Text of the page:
A commenter recently asked
Archivas was focused on archive, do you expect the new solution to sustain performance for primary storage as well?
Which is a good question, if you know what “primary” means. Do we?
Tiers of a clown
10 years ago we all agreed on 1st tier or primary storage: block-based; RAID 5; enterprise FC or SCSI drives; SCSI, FC or ESCON host connects; optimized for transactional workloads; and large mirrored (with 1 notable exception) caches. When SANS took off we stuck FC switches in front of the boxes and called it good.
But something happened to that consensus: iSCSI; NFS; CIFS; SSD; MEMcache; Internet scale-out; Infiniband; 10GigE; storage & processor virtualization; CDNs; web-serving; pNFS; and lower-cost out-sourced high-scale infrastructure (i.e. cloud). And more – such as non-SQL data management – is coming.
Will the real primary storage please stand up?
Amazon runs a high-growth $25B/yr business on scale-out storage, servicing millions of customers, taking real money and shipping real goods, 7x24x365. Smells like enterprise spirit.
Is Amazon’s storage “primary” and, if so, what makes it primary?
Yes, it is primary storage. No, it isn’t the logo that makes it so.
Workload & service level
It’s tempting to consider workload, but what workload? IOPS? Bandwidth?
How about parallelism? Web service is highly parallel. ACID database updates less so.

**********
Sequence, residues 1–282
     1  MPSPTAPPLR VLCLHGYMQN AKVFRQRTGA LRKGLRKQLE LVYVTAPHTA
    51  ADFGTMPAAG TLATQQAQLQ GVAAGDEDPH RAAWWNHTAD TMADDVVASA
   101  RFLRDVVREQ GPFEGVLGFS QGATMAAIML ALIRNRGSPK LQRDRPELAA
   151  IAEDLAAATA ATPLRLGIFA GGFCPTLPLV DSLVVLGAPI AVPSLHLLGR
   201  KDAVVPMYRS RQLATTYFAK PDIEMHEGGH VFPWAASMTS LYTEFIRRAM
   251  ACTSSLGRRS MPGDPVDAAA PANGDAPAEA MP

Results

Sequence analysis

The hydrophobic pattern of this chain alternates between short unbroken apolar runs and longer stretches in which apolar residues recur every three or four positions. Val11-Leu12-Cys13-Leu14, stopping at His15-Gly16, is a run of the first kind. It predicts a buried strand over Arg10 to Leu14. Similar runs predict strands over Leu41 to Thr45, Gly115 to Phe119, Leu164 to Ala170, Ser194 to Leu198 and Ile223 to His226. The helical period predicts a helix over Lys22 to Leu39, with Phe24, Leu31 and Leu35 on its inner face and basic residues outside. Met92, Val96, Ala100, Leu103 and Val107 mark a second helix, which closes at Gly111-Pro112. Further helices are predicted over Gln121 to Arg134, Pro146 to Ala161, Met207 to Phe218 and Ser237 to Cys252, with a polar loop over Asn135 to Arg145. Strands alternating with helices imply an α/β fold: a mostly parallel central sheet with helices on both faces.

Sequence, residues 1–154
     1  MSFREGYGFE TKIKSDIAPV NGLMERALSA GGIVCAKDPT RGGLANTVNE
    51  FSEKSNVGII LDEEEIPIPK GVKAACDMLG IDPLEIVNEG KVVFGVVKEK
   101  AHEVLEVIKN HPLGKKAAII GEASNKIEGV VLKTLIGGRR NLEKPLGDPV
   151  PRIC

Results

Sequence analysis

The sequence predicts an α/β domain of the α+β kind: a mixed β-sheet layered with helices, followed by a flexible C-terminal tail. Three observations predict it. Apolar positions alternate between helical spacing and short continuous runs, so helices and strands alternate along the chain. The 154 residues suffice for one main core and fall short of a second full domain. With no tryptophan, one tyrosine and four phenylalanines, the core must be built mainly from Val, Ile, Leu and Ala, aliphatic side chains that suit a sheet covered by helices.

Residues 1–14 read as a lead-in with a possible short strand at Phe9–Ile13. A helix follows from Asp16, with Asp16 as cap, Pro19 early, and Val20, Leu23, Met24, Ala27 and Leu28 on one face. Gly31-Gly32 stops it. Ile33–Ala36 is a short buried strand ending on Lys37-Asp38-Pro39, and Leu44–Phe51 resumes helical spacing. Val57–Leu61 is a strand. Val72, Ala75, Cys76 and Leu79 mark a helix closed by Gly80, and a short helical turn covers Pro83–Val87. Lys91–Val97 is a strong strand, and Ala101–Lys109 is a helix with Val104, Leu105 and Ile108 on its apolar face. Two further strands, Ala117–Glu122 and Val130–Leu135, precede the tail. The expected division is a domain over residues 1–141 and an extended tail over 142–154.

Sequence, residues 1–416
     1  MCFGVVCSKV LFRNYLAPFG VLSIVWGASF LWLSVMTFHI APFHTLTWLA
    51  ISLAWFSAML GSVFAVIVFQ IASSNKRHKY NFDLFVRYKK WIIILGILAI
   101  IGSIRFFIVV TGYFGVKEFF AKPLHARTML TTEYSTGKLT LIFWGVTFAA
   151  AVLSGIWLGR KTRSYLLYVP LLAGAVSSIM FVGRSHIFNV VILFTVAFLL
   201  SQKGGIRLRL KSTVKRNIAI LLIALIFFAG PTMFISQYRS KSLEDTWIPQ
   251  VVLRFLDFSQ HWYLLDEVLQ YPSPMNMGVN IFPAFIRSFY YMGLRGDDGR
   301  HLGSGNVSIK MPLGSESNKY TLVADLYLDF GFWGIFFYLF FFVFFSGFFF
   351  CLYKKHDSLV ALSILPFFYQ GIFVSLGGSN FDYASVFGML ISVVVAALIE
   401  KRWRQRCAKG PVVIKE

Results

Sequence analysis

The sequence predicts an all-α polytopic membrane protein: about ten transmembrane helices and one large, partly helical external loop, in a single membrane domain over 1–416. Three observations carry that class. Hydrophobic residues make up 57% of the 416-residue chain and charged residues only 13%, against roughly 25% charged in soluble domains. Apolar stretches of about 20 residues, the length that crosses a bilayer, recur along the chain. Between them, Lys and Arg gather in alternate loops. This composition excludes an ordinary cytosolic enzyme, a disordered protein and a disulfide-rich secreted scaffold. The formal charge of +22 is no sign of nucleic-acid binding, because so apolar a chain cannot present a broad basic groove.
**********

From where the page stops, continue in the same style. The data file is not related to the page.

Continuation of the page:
And what about files vs blocks? Blocks don’t require as much processing as files, as the host is handling the file system.
It is clear that most files aren’t often accessed. Does primary storage for files mean availability and reasonable performance? Or is there little difference between archive and primary for files?
NetApp is deduping primary storage. Others will follow, whether it makes sense or not, at least in messaging. Skeptics ask “If it is deduped, is it really primary?”
The StorageMojo take
We do a disservice to customers if we talk about “primary” storage as a class of equipment. It isn’t.
Primary storage is whatever works as primary storage for your application. Bare SATA drives Velcro’d to motherboards to a big cluster of DMXs. Both are in use in major enterprises for mission critical applications – and they both work.
The 60 year secular trend to cooler data is the cause – an inverse of Moore’s Law. As the average accesses of data declines, technologies that meet the need at a lower cost become attractive, find a market, and grow. Niche products become mainstream – and perhaps “primary” – for their markets.
At the same time Moore’s Law is working its magic: creaky slow 10Mbit Ethernet becomes 10GigE. Board level controllers become chips. Storage software migrates from firmware to a stack running on commodity processors. Yesterday’s “archive” storage is tomorrows “primary” storage for the right apps.
Even the term “enterprise” is losing its meaning. As firms begin the 10 year migration to private clouds for cooler data, commodity hardware – servers, unmanaged switches, SATA drives – will be knit by cluster software that may even be open source. It is “enterprise” because an enterprise is using it.
This why all the big iron vendors are migrating their software from embedded firmware to stacks running on commodity processors and operating systems. For the mainstream market the commodities are fast enough and the economics are compelling.
If if works for you, it’s primary.
Courteous comments welcome, of course. BTW, I’m getting a briefing from HDS on the old Archivas product, so maybe I’ll have more to say RSN.